There’s a particular kind of game that I feel excels on mobile platforms more so than anywhere else. If you’ve got a quick arcade-style score chaser with a simple-to-understand core mechanic, a relatively high level of difficulty, and lots of silly things to unlock, you’ll probably find a happy home for it on touch-based thingies that people keep on their person at all times. These are the kinds of games that people want to pick away at during the little pockets of downtime in their lives, while they may not necessarily be motivated to start up a dedicated gaming machine for such a brief affair. It’s also the sort of game that Kumobius is really great at creating, and Wall Kickers (Free) is another fine example.
The basic idea here isn’t too complicated. That wall-kicking business that people loved so much in the NES Batman or the many other games that used similar means of traversal sits at the core of Wall Kickers. You’re at the bottom of some sort of structure, though what kind of structure it is specifically will vary as you unlock things. It doesn’t really matter. It also doesn’t really matter what character you’re playing as, but if you need to know in order to set your imagination afire, I can confirm that you will start as a little monkey. You will soon be playing as a squirrel or a time surfer or a snail or some other thing, but it doesn’t change anything in practice. Just collect them, it’s fun.
Okay, I went a little off-course there. So, you’re playing as some sort of character climbing some sort of structure. But you can’t really climb it, you know? Whatever you play as, they are not the climbing sort. No, they are the jumping sort, and they’re rather good at it. They are also pretty good at adhering to walls, at least as well as can be expected. Sure, gravity will slowly work its cruel magic on them as they cling to the walls for dear life, but they can always jump to another perch. Indeed, they must. Not much of a game if they don’t. You move up an eternally-scrolling vertical stage with precarious handholds scattered at convenient distances. If your character plants their feet on an actual horizontal surface, they’ll automatically run.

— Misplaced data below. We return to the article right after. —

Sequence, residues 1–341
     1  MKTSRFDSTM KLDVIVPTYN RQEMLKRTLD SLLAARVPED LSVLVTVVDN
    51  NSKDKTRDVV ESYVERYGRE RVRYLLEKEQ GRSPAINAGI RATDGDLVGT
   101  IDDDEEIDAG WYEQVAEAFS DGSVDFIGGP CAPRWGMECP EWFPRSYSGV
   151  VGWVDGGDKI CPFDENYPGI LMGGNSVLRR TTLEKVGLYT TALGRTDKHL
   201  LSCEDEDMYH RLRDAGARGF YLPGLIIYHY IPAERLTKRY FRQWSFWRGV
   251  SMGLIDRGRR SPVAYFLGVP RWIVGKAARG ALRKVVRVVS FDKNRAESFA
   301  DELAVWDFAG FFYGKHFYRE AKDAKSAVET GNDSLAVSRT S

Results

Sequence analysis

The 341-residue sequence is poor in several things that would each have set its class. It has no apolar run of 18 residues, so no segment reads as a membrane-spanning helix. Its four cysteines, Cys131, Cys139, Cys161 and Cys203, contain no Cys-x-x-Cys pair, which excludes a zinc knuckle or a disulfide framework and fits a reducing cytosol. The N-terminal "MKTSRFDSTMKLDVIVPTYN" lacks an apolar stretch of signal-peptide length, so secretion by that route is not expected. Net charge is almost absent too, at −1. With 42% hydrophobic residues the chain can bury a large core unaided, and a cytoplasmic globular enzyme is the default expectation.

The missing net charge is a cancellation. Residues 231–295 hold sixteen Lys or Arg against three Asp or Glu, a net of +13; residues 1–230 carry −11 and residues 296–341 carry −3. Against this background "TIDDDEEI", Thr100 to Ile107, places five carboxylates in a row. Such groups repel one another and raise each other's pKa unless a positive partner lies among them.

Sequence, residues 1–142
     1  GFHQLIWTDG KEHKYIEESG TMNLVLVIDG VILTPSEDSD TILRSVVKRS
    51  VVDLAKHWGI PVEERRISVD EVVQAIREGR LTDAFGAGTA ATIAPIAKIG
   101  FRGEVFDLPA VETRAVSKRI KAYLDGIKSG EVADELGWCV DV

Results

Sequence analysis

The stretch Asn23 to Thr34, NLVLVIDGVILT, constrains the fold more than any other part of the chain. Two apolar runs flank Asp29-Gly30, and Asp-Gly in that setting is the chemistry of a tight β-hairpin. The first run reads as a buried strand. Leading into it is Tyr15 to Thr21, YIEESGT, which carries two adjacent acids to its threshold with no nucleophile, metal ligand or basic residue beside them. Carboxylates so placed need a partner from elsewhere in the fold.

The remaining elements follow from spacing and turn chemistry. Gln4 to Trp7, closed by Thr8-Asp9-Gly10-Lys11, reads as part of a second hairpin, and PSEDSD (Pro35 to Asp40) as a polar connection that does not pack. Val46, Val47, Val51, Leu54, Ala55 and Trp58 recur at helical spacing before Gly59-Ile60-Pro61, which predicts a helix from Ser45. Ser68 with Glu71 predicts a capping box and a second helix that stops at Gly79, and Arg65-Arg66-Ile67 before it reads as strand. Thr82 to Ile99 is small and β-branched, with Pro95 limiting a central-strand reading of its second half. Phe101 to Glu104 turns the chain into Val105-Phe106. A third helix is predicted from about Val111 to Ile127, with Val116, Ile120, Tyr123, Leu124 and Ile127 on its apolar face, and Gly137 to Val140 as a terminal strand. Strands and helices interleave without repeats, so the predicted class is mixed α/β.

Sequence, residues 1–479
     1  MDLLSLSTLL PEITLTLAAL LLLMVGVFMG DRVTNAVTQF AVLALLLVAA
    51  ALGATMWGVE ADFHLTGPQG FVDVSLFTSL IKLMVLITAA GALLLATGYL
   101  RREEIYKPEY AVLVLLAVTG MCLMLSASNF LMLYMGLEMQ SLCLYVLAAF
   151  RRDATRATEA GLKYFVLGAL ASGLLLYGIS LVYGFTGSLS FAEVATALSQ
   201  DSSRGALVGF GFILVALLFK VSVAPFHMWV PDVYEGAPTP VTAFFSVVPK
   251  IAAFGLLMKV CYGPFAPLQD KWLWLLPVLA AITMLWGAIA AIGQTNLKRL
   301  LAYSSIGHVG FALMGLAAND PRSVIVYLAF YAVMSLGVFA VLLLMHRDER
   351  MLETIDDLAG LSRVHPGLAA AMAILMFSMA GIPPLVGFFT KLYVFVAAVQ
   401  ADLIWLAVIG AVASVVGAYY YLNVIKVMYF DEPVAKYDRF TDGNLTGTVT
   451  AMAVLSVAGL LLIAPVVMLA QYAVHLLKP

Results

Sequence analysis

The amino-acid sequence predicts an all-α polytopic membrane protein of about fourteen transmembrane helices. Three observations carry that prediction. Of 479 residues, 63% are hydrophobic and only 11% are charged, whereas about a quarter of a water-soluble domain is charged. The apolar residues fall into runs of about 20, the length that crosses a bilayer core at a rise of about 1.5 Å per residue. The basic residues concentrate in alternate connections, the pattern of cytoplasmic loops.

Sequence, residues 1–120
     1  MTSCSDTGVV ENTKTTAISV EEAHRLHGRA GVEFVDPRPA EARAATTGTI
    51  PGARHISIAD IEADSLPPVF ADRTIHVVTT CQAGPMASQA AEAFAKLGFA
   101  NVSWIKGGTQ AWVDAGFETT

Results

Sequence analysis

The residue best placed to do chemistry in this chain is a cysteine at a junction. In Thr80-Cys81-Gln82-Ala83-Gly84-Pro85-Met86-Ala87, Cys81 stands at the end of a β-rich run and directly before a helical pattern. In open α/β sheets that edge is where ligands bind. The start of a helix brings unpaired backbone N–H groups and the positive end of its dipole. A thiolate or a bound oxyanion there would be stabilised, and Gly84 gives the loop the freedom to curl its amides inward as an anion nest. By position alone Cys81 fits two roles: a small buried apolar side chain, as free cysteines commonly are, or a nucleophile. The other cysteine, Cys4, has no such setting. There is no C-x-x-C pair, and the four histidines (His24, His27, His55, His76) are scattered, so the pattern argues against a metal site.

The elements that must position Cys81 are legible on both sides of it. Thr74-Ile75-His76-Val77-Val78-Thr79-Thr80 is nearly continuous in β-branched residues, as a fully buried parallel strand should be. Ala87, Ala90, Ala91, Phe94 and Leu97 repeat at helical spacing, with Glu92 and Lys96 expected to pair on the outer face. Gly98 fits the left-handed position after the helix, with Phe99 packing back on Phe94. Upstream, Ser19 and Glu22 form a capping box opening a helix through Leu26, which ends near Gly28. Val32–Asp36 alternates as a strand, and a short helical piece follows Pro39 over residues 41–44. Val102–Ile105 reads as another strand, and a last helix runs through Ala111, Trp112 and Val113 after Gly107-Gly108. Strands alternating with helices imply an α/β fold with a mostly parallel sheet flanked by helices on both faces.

But otherwise, you can only move by tapping the screen to jump. You’ll kick off the wall and be on your way. Jump again, and you’ll spit in the face of the laws of physics and kick off the freaking air back in the direction you just came from. The longer you hold your tap, the bigger your jump will be. That’s everything you can do, and while you might think it would hard to pull much of an interesting game out of it, Kumobius has worked its usual magic with level designs and gimmicks to ensure you’ll be playing Wall Kickers a lot longer than you originally planned to. Perhaps it would be more accurate to say that Kumobius has worked its magic with level chunk designs, though, as everything is sort of randomly jumbled in that way that ensures you’ll never face exactly the same series of challenges, but you will run into a lot of familiar beats over time.
When you first start off, you’ll mostly be doing simple single jumps between relatively large, hazard-free walls. This is fun in a very primal sort of way and I’m happy to report that while this set-up gets less common as you play, the developers didn’t seem to forget the simple joy found in such movements and have made sure you’ll occasionally see little sections like this even as things ramp up. Then the walls get smaller, and then you need to jump over and double-jump back to reach the other side of a wall. Then there are spikes, which you probably don’t want to touch. Conveyor walls? Why not. Walls that flip around on a timer? Moving walls? Walls that send jolts of electricity out at regular intervals to barbecue you like the simple sack of meat that you are? Oh, you know all of that is in there.